Tuesday, January 21, 2014
Trust in God
By Colleen O’Sullivan
… Saul answered David, “You cannot go up against this Philistine and fight with him, for you are only a youth, while he has been a warrior from his youth.” David continued: “The Lord, who delivered me from the claws of the lion and the bear, will also keep me safe from the clutches of this Philistine.” Saul answered David, “Go! The Lord will be with you.” (1 Samuel 17:33-37)
(Jesus) said to the man with the withered hand, “Come up here before us.” Then he said to the Pharisees, “Is it lawful to do good on the Sabbath rather than to do evil, to save life rather than to destroy it?” But they remained silent. Looking around at them with anger and grieved at their hardness of heart, Jesus said to the man, “Stretch out your hand.” (Mark 3:3-5)
Trust in the Lord with all your heart, on your own intelligence do not rely;
In all your ways be mindful of him, and he will make straight your paths.
In first grade, it was those big, tall third graders down the hall and on the playground. Years later, it was going away to school in another part of the country. Then, before I knew it, school days were over and I was an adult, out in the world, on my own, becoming a pastor of a church for the first time. Fast forward a little over a decade and it was figuring out how to leave my church members and come back to the Catholic Church. As I’ve grown older, there’ve been losses of beloved friends and family members. Only a few years down the pike, retirement is looming.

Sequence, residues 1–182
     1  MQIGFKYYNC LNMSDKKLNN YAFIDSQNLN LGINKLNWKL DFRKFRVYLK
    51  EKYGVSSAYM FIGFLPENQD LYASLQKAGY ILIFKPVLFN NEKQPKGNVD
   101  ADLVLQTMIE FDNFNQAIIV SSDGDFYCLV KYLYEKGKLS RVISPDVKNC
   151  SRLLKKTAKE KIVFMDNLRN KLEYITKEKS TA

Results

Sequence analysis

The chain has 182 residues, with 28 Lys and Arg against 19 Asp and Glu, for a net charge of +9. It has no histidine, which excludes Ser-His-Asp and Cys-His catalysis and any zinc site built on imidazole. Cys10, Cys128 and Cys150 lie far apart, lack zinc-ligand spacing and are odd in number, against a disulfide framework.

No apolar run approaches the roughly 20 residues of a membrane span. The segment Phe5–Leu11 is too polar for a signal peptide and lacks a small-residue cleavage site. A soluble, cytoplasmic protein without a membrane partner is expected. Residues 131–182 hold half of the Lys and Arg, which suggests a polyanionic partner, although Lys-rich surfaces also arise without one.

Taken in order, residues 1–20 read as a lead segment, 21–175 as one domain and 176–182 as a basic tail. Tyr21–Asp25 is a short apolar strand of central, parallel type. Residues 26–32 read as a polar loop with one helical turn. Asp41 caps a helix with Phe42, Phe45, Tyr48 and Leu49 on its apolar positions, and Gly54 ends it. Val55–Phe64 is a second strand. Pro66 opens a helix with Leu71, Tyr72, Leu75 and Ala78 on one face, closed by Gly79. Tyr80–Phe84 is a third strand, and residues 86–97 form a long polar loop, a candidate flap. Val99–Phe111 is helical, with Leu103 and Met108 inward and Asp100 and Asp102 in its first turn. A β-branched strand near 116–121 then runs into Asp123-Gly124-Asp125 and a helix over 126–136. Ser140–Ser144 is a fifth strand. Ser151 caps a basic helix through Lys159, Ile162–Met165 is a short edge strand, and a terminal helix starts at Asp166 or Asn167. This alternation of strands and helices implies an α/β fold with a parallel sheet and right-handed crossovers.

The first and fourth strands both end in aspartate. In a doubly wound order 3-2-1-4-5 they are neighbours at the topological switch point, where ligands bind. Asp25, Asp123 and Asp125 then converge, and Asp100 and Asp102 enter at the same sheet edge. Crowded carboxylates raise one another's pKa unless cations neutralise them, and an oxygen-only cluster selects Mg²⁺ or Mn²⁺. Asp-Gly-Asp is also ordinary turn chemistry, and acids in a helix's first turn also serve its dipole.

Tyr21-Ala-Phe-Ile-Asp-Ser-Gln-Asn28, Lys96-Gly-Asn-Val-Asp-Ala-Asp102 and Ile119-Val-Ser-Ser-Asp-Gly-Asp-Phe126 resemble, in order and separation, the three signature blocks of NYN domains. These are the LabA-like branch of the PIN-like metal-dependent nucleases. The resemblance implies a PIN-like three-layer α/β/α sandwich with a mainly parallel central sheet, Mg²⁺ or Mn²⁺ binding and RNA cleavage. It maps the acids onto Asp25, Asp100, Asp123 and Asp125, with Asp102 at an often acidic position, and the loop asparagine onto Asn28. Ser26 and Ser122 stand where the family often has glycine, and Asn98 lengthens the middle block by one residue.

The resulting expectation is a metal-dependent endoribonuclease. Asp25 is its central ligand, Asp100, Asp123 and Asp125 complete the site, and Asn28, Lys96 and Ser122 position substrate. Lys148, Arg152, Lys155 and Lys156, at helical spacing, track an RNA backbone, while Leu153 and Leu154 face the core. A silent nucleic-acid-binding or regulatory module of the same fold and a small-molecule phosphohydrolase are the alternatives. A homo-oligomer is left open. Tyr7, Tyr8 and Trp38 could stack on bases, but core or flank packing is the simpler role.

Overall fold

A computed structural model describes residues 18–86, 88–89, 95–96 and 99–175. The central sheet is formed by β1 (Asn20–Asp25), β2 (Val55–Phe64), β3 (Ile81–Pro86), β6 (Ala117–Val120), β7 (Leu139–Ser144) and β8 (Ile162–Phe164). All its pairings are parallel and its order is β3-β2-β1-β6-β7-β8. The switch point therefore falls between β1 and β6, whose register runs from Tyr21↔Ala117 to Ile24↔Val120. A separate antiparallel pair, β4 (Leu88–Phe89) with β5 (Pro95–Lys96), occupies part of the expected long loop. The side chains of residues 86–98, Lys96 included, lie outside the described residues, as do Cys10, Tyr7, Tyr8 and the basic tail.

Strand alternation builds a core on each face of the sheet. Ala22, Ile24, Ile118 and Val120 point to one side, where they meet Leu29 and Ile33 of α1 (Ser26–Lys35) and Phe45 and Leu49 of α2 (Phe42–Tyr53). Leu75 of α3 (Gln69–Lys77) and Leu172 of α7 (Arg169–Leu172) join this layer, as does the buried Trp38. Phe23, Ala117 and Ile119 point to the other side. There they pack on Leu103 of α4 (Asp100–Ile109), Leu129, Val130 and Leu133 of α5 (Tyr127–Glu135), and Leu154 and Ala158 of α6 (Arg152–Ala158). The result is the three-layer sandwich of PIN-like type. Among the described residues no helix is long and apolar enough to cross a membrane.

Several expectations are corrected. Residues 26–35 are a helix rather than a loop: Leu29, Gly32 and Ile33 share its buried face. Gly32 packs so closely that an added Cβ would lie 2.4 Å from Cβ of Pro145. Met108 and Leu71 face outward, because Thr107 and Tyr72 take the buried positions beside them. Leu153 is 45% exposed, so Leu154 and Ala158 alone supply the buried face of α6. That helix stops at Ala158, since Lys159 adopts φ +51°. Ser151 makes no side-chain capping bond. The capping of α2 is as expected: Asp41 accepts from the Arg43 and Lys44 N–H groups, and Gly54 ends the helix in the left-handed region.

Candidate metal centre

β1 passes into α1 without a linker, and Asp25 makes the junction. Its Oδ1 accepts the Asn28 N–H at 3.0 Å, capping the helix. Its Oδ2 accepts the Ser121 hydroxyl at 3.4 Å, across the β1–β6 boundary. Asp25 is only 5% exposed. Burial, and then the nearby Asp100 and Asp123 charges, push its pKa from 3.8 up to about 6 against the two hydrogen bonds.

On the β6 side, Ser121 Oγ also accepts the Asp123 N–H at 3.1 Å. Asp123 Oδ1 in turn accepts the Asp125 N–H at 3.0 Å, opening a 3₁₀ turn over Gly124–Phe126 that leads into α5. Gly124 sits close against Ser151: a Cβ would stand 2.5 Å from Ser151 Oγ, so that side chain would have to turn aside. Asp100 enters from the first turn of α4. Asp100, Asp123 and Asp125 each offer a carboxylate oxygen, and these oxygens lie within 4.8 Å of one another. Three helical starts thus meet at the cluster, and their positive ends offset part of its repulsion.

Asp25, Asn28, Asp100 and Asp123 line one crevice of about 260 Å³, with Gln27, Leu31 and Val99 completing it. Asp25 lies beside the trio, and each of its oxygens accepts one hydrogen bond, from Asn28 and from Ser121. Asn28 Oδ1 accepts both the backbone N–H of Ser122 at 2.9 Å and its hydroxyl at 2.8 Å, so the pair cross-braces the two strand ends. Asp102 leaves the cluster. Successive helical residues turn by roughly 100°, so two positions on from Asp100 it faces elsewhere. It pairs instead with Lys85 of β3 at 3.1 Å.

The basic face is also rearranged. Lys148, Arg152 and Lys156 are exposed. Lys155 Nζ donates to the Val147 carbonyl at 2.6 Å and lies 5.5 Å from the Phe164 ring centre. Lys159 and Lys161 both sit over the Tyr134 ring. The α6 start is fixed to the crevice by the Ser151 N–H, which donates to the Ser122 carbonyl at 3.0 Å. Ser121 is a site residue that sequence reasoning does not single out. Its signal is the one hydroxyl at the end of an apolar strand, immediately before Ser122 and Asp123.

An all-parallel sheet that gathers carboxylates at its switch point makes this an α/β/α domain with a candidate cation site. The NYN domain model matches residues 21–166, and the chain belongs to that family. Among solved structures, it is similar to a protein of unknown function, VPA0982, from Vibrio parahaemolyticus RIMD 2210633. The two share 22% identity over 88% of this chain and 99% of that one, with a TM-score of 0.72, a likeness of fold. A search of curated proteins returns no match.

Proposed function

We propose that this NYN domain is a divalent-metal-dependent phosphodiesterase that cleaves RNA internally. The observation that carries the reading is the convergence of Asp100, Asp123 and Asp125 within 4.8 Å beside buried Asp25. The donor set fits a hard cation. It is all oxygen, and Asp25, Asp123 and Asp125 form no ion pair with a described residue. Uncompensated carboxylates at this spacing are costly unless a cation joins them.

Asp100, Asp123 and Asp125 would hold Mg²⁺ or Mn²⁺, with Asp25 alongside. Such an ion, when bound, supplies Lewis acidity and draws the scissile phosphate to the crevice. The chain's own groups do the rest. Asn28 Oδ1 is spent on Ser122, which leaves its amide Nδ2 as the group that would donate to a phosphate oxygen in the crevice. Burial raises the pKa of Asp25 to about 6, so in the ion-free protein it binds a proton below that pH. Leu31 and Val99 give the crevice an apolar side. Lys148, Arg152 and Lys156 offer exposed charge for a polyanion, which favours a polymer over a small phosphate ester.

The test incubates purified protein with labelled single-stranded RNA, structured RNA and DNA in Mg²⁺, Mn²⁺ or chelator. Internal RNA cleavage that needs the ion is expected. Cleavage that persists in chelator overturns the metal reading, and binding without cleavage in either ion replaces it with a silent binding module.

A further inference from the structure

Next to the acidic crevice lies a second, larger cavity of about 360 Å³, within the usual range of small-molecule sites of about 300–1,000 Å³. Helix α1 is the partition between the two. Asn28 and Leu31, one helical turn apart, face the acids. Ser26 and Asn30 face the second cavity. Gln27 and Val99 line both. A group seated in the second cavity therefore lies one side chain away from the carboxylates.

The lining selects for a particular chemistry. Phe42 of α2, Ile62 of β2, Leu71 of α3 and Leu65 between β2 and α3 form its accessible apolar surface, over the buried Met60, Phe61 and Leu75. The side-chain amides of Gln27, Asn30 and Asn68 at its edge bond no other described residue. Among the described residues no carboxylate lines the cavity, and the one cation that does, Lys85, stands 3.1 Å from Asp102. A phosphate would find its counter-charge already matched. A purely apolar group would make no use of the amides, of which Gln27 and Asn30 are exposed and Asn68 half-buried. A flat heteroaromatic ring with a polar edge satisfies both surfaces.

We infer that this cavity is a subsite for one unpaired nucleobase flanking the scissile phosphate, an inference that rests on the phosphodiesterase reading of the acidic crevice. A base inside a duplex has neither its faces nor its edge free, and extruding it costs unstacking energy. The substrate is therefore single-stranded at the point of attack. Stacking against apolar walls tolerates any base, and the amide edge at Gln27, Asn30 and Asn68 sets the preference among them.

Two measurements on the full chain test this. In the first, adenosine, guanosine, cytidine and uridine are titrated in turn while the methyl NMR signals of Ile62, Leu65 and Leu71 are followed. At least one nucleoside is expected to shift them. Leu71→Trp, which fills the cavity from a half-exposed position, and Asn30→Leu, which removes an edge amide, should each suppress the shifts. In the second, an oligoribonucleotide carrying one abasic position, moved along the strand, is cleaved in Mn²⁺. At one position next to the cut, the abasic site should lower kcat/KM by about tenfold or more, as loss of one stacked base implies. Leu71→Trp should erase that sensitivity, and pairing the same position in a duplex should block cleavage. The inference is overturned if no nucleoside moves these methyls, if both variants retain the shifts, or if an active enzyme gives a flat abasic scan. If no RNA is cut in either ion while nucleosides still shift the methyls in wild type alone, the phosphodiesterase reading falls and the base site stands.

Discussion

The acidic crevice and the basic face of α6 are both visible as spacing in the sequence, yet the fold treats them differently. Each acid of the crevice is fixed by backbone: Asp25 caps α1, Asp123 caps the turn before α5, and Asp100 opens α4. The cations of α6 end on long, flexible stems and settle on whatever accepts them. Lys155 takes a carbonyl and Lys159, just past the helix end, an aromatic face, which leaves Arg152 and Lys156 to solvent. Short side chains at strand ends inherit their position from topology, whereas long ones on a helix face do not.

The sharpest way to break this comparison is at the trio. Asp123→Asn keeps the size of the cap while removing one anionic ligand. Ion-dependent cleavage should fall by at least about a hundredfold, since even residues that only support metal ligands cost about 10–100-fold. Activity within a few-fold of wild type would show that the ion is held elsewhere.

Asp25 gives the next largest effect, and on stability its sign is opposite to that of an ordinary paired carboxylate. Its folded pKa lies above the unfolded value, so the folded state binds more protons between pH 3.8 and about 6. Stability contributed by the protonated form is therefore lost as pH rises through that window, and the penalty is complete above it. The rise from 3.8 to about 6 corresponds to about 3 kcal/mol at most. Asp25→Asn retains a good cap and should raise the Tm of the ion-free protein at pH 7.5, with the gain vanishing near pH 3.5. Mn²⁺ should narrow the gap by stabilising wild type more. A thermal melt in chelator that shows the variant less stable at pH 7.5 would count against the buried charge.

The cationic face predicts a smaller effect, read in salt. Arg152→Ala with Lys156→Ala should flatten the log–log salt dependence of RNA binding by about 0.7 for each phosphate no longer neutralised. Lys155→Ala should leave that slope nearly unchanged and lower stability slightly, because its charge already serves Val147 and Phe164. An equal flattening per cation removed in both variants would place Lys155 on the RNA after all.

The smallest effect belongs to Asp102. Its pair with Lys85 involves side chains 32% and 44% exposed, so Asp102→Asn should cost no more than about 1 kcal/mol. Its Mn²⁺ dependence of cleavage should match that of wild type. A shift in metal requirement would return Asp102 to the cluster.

There are many Goliaths in every one of our lives, hurdles that loom large on our horizons, anxiety-producing specters. When I look back, I realize I’ve survived all these hurdles that seemed so insurmountable at the time, some better than others. And the truth is, the ones I came out better on were the things I entrusted to God. David was right to put his confidence in the God who had already saved him from many dangers. That trust in the Lord was what enabled the young man to go out and face the Philistine’s infamous giant.
When we read the psalms attributed to David, it’s fairly obvious that God wasn’t someone he merely believed in. God was someone with whom he had an intimate relationship, so much so that he felt free not only to praise his Creator, but to pour out his despair and even anger at times. That’s the type of relationship Jesus would like to have with each of us, one so close that we are able to share all the details of our lives with him – the good, the bad and the ugly. We see in today’s Gospel reading how compassionate and caring our Savior is. He is ready to heal our ills, to stand by us as we confront the Goliaths in our lives. He is there waiting for us every moment of every day, seven days a week.
Going through life with a pull-up-your socks, go-it-alone attitude is unnecessarily difficult. It’s no way to live and it doesn’t help us face down the inevitable Goliaths along life’s way. Jesus desires to be our friend and stronghold. A wonderful book I can recommend on this subject is A Friendship Like No Other by William A. Barry, S.J.
Today is the March for Life in Washington, DC. Pray for the safety and well-being of all those gathered from across the nation in these frigid temperatures.